Share classes, families and asset purchases: Canadian evidence

Lingfeng Guo (Department of Treasury CFO GPO, CIBC, Toronto, Canada)
Lawrence Kryzanowski (Department of Finance, Concordia University, Montreal, Canada)
Yinlin Nie (Concordia University, Montreal, Canada)

Managerial Finance

ISSN: 0307-4358

Publication date: 13 June 2019



The purpose of this paper is to test if relative asset purchase values (RAPVs) differ between single- and dual-class purchasers (not) differentiated by family ownership for Canadian firms.


The paper uses multivariate regressions and 2SLS estimations of simultaneous equations models with both continuous and dichotomous endogenous variables. Data on share structures and family involvements are hand collected.


RAPVs for dual-class purchasers are significantly different (larger) than their single-class counterparts only for family-controlled samples. Larger RAPVs for dual-class purchases are associated with higher degrees of dual-class structures, higher family ownerships and with boards with no more than one family member.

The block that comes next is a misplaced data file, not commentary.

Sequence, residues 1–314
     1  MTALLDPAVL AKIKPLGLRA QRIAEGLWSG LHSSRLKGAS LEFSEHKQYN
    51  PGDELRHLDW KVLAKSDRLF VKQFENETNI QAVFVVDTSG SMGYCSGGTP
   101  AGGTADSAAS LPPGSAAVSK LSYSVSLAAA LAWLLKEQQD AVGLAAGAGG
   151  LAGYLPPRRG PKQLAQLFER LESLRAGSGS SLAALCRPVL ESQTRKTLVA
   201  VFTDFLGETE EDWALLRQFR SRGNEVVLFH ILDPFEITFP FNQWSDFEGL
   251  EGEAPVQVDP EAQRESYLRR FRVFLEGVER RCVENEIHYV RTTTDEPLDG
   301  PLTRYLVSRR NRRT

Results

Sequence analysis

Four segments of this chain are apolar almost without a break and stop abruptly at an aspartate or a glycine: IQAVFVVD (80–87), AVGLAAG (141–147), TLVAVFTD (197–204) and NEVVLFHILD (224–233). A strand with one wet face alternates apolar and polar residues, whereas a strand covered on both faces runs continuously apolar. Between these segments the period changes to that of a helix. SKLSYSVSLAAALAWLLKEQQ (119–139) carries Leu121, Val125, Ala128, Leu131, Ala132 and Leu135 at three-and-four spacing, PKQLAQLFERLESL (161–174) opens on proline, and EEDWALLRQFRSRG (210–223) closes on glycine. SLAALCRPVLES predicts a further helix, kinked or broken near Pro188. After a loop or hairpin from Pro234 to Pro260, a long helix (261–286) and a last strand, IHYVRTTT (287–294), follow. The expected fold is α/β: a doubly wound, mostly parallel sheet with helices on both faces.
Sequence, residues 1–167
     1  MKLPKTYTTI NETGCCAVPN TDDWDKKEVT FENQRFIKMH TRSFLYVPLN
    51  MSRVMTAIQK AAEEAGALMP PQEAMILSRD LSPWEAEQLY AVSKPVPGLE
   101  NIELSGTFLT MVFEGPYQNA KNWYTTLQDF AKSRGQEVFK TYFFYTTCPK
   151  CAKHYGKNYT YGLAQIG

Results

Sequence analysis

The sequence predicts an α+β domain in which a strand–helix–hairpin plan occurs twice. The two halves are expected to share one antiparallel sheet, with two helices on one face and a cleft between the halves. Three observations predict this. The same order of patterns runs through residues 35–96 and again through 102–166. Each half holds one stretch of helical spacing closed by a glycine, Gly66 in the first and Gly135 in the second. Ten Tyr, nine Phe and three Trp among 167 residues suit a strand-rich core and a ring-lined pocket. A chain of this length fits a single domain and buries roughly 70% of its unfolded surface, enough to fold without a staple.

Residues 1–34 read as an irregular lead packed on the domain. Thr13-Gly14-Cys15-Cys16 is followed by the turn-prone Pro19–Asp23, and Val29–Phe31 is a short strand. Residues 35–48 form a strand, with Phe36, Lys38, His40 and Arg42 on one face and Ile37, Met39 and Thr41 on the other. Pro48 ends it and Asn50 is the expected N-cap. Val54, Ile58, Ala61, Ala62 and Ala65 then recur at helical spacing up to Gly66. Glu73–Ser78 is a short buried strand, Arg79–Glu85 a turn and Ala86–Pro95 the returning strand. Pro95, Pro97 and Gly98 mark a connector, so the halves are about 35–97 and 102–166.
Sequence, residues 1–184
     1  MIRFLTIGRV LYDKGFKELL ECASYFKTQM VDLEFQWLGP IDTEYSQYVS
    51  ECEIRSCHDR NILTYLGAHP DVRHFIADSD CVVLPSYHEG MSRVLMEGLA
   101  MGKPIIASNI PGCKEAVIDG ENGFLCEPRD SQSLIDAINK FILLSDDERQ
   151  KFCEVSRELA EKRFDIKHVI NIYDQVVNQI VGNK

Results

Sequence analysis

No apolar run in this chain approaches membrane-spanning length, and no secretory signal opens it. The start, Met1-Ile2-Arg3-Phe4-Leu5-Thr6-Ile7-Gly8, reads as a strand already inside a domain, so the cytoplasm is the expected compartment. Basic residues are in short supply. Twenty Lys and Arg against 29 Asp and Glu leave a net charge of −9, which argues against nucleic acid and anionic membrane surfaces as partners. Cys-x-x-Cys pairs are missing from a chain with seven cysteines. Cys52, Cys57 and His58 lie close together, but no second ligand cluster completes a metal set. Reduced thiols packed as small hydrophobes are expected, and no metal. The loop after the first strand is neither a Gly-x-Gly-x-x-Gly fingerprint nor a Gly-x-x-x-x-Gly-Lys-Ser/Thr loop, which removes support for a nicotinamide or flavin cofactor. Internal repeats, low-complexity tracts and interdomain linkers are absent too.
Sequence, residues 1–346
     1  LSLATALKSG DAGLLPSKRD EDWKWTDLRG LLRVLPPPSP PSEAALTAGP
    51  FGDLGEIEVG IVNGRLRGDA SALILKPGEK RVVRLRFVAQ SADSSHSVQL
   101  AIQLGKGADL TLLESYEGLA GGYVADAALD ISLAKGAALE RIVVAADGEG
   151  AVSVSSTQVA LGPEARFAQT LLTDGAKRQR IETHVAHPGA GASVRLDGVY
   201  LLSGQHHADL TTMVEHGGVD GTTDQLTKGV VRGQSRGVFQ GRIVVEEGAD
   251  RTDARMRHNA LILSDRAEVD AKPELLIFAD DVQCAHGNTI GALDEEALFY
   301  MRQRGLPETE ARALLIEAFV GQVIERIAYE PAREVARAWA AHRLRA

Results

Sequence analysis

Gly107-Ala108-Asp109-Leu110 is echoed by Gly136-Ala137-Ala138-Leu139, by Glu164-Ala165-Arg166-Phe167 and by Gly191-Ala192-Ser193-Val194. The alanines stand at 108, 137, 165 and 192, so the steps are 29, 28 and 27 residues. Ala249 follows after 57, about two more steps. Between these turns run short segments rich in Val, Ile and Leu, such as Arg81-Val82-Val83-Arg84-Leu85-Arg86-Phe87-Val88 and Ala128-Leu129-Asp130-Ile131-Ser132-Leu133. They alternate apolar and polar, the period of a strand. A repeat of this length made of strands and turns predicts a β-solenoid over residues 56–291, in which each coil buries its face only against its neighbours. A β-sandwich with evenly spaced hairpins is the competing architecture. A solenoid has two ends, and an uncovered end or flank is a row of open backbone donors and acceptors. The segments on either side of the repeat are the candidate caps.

Research limitations/implications

RAPV is important because of its common use as a primary determinant of the wealth effects of M&As, its use as an exchange-rate proxy in two-stage regressions used to determine the amount of abnormal returns attributable to short selling activity around M&A announcements, and its use as a channel for conveying information about deal complexity, seller’s bargaining power, additional monitoring benefits from purchase and/or greater challenges in incorporating a purchase into existing assets. Larger sample size would facilitate more differentiated examinations.

Practical implications

Findings imply that dual-class share structures assist family shareholders in elevating their control over corporate decisions involving asset purchases.

Social implications

This paper furthers the authors’ knowledge about the effects of agency issues on corporate decisions.


It provides an extension and robustness test of the US evidence for asset purchases by providing evidence for Canada given its greater preponderance of families as the ultimate controlling shareholders, restricted or subordinated voting shares issued and pyramidal structures.



Guo, L., Kryzanowski, L. and Nie, Y. (2019), "Share classes, families and asset purchases: Canadian evidence", Managerial Finance, Vol. ahead-of-print No. ahead-of-print.

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